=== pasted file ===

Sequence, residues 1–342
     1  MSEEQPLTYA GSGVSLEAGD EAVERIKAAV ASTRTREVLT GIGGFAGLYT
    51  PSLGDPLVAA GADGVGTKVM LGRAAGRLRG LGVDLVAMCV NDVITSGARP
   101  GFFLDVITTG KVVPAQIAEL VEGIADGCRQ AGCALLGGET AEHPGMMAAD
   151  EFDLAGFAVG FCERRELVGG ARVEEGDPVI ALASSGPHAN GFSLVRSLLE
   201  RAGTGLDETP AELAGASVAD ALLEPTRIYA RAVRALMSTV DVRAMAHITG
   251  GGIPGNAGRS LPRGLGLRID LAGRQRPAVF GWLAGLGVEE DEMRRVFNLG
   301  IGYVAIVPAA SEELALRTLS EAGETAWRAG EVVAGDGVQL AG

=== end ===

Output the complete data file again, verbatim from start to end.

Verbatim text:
Sequence, residues 1–342
     1  MSEEQPLTYA GSGVSLEAGD EAVERIKAAV ASTRTREVLT GIGGFAGLYT
    51  PSLGDPLVAA GADGVGTKVM LGRAAGRLRG LGVDLVAMCV NDVITSGARP
   101  GFFLDVITTG KVVPAQIAEL VEGIADGCRQ AGCALLGGET AEHPGMMAAD
   151  EFDLAGFAVG FCERRELVGG ARVEEGDPVI ALASSGPHAN GFSLVRSLLE
   201  RAGTGLDETP AELAGASVAD ALLEPTRIYA RAVRALMSTV DVRAMAHITG
   251  GGIPGNAGRS LPRGLGLRID LAGRQRPAVF GWLAGLGVEE DEMRRVFNLG
   301  IGYVAIVPAA SEELALRTLS EAGETAWRAG EVVAGDGVQL AG